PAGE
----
Overload Swift type ambiguity

I may define default type for overloaded functions. sometimes.

This is Swift return overloading that may lead to ambiguity:

extension String {
    func encode() -> NSData? {
        return self.dataUsingEncoding(NSUTF8StringEncoding)?.base64EncodedDataWithOptions([])

    func encode() -> String? {
        return self.dataUsingEncoding(NSUTF8StringEncoding)?.base64EncodedStringWithOptions([])

I have two functions encode() that returns value of different type, depends on context. String or NSData. When I want use it, I get ambiguity error. As expected.

let base64 = "Hello World".encode() // ambiguous use

with list of found candidates

note: found this candidate
    func encode() -> String?

note: found this candidate
    func encode() -> NSData?

I can live with this, or use trick to make it slightly more convenience in use, by defining protocol (OOP FTW!)

protocol Base64StringEncodable {}
extension String: Base64StringEncodable {}

and move one of the functions to our protocol extension:

extension Base64StringEncodable {
    func encode() -> NSData? {
        guard let string = self as? String else { return nil }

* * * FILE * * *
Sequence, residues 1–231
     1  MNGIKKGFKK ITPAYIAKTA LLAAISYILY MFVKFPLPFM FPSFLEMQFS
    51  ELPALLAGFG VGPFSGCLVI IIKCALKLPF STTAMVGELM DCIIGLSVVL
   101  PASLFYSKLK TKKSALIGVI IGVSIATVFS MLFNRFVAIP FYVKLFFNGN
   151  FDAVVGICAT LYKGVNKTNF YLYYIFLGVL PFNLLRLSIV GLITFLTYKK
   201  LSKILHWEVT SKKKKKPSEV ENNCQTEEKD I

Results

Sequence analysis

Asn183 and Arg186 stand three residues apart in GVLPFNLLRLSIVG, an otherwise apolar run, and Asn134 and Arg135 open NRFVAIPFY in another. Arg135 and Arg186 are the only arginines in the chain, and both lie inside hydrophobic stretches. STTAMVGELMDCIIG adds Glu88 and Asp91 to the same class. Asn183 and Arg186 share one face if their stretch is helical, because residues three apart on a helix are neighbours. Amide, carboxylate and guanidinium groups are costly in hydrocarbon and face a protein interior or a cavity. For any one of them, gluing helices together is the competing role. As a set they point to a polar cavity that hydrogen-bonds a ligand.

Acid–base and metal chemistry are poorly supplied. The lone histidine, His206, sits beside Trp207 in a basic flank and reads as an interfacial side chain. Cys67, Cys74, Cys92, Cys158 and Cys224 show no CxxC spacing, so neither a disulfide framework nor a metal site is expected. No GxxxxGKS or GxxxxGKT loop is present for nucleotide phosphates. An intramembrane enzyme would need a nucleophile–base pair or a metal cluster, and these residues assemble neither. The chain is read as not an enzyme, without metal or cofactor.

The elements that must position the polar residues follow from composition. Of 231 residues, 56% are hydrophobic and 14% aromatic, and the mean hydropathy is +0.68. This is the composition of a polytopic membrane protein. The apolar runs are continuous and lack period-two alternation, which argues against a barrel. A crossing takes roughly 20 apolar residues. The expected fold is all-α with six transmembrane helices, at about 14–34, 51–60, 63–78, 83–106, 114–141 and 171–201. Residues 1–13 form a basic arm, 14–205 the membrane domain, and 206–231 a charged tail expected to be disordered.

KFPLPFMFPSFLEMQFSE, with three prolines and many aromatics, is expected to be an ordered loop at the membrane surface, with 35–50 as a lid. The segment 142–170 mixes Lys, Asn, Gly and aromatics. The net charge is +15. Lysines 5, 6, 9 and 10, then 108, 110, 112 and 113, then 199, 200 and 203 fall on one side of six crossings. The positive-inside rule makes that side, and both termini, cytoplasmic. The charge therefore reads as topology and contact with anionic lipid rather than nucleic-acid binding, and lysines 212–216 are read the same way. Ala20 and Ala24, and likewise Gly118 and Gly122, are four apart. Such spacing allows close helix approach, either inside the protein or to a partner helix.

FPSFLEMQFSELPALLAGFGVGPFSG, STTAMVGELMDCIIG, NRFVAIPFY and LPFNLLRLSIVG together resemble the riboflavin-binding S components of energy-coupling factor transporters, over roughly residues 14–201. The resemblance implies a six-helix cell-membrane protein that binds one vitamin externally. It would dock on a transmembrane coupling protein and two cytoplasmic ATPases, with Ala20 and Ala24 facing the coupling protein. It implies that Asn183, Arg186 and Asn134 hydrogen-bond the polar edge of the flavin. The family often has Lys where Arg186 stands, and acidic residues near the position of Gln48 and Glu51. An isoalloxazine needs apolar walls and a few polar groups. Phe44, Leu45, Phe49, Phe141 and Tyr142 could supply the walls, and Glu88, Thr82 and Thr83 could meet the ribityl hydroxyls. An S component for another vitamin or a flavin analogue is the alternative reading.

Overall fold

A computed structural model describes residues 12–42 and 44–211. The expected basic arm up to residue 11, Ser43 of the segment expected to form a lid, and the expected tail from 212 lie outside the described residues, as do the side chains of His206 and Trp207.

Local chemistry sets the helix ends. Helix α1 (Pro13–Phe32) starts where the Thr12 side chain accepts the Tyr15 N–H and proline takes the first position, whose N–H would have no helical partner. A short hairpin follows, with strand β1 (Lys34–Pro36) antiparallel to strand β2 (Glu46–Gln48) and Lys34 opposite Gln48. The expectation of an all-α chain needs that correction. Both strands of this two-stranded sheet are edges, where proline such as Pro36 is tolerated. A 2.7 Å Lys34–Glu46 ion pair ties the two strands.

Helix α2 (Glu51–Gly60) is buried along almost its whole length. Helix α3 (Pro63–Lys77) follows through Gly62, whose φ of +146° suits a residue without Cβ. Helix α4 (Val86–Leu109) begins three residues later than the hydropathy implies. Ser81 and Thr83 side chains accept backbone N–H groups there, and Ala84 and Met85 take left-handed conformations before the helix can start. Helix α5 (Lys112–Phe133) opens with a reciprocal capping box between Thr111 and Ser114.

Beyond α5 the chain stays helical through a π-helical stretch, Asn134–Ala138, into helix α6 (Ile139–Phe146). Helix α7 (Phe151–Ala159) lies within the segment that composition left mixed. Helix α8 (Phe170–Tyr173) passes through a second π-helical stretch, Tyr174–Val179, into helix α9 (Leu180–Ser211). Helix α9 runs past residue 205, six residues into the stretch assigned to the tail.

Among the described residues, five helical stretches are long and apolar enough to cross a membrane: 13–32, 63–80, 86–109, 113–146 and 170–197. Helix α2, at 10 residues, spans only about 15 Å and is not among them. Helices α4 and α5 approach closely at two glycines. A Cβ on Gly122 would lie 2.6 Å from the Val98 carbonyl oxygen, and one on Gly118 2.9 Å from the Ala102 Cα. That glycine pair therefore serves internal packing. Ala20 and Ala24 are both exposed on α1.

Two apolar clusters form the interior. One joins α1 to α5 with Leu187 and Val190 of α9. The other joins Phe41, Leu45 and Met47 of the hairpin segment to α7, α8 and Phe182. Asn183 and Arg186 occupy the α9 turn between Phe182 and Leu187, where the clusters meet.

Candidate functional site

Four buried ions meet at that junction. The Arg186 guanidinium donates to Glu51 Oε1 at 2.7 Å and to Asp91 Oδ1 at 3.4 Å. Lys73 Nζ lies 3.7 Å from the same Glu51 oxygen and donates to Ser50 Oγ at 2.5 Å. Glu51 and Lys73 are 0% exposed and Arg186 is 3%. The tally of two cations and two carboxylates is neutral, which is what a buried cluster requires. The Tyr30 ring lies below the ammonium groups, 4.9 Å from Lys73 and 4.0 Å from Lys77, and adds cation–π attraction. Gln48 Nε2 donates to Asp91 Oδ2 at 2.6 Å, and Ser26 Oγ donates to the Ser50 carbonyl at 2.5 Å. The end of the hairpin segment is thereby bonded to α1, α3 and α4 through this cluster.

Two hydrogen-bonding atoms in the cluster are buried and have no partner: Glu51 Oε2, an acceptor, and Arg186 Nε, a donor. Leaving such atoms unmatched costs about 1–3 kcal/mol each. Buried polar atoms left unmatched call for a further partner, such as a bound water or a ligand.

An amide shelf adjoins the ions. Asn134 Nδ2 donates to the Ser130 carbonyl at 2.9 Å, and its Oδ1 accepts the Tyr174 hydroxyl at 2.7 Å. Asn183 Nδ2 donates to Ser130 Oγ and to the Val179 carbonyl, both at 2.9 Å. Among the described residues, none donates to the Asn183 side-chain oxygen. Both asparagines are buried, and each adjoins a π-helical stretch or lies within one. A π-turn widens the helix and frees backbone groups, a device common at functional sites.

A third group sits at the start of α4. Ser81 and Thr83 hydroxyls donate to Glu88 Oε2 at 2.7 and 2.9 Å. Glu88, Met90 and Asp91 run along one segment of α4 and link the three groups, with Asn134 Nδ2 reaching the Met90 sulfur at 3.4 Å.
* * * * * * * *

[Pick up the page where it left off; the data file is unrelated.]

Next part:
return string.dataUsingEncoding(NSUTF8StringEncoding)?.base64EncodedDataWithOptions([])

and now, default returning type is String, while NSData is still available:

let base64          = "Hello World".encode() // String by default
let base64: NSData? = "Hello World".encode() // NSData? if asked

Function that return NSData is still available - it's just not default.

This trick don't apply to more than two types ;-( It's just a trick after all.

Wait... but why?

Keep in mind that Swift allows function overloading even when two signatures differ only in their return type. via swift blog

Presented trick relies on:

  1. ability to overload functions in Swift
  2. ability to implement function for Protocol
  3. calling sequence

Calling sequence

This is interesting.

  1. Fist is called function defined by the type body or extension to the type.
  2. Second is called function implemented by protocol.
  3. When one protocol inherit from another one, the one that is higher in hierarchy is more important.
    For given protocol A: B {}, A implementation is called.
  4. The order you define conformance to protocol doesn't matter.
    extension String: A,B {} and extension String: B,A {} is not changing the final sequence.

as simple as that.


Sounds like possible interview question?

Question: Implementing function name() in two different protocols A,B and defining String protocol conformance to both protocols, like this:

protocol A {}
extension A {
    func name() -> String { return "nameA" }

protocol B {}
extension B {
    func name() -> String { return "nameB" }

extension String: A,B {}

called as


Which one function is called first?

Answer: check the answer

Thank you

That's all folks.
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